Teaching Latin Prose Composition to the brightest in a community of young people is something that I profoundly enjoyed. You have to get them to understand that they can't just look up words in a dictionary and produce a wooden A=X, B=Y, C=Z set of transpositions from one language to another. They need to get inside the meaning of the English passage, and then radically transpose it into rhetoric that might have been uttered in such a different society by a Cicero; or history that looks as though it comes from the stylus of a Livy. It is best to work upon a piece of at least moderately good English. The speeches of Enoch Powell were splendid material ... for example, his wonderful evisceration of the policy of Nuclear Deterrence.
A decade and a half ago, in a period when the Irish Times was edited by Geraldine Kennedy and still contained a fair bit of literate English, I might, during my nine-week summer vacation, sit by the water at Knightstown on Valentia Island as the dolphins danced just outside the harbour, my pencil sustained by Beamish, rendering onto the back of an envelope one of that paper's Leading Articles, just for the fun of it.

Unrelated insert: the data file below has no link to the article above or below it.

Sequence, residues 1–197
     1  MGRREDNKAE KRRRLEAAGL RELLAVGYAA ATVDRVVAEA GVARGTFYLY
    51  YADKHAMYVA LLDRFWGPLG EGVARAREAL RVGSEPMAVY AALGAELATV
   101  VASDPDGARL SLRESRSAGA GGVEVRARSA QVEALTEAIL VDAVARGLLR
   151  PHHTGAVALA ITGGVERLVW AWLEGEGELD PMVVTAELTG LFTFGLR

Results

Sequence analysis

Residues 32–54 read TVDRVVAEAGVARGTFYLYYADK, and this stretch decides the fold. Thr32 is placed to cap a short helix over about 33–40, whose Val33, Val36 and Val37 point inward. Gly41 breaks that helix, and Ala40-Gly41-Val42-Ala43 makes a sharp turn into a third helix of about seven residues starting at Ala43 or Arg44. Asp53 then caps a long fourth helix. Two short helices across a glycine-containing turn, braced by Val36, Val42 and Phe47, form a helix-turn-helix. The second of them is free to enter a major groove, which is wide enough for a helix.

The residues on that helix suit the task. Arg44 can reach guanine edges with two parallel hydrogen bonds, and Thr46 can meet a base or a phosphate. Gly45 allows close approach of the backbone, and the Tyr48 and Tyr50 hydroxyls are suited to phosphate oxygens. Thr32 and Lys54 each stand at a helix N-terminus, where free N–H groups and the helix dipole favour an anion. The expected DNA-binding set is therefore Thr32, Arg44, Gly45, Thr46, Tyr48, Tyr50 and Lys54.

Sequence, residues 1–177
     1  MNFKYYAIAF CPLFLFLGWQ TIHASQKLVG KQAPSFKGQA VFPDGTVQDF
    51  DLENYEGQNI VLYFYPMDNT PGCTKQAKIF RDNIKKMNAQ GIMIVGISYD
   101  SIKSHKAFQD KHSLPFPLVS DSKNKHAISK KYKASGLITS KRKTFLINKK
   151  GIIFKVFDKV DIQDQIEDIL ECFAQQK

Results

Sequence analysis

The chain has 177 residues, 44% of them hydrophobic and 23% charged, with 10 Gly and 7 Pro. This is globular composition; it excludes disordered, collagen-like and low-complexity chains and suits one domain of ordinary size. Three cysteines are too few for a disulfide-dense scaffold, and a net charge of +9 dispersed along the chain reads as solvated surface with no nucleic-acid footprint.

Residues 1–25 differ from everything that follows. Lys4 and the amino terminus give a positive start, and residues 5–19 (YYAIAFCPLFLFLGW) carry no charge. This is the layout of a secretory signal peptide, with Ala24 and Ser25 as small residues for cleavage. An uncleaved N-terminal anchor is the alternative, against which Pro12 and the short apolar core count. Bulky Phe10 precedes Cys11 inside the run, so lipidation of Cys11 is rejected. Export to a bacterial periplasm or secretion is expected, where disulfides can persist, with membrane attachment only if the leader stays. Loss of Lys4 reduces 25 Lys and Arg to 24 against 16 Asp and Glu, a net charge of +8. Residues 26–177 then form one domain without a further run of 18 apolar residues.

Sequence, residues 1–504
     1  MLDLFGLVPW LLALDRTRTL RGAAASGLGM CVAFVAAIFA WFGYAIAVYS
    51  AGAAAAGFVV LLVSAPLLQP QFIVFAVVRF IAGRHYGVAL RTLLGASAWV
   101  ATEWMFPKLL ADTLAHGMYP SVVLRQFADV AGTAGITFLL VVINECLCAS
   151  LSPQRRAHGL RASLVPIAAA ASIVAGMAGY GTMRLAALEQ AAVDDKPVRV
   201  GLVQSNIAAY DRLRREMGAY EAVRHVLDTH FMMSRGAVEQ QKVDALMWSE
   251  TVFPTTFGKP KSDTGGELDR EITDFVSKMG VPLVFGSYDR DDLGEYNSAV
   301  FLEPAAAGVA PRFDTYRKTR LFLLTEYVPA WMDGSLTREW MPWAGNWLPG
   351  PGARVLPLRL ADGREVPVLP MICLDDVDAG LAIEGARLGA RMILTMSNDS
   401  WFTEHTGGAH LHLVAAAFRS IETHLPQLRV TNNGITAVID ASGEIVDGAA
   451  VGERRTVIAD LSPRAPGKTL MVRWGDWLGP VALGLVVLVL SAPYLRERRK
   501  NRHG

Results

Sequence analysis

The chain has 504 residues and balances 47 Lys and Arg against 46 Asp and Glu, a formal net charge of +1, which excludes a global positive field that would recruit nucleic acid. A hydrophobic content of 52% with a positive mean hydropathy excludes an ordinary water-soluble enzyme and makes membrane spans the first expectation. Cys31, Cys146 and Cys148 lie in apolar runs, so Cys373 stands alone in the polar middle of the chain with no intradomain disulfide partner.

These memories came to mind as I read the other day an address written not so long ago by the Rt Revd Nick Baines, the Anglican Bishop of Leeds, referring to a politician ... he shall be nameless ... who is now First Lord of the Treasury in this country in true and apostolical succession from the late unlamented Robert Walpole (Drain The Swamp). How, I wondered, might one render this:
"He is an immoral liar; a privileged and Oxford educated journalist and government minister who has the nerve to refer to others as 'the Establishment elite'."
Meat (or meet) for a piece of pastiche-Tully, perhaps? Rhetorical questions and praeteritio as if from the peroration of In Catilinam XV?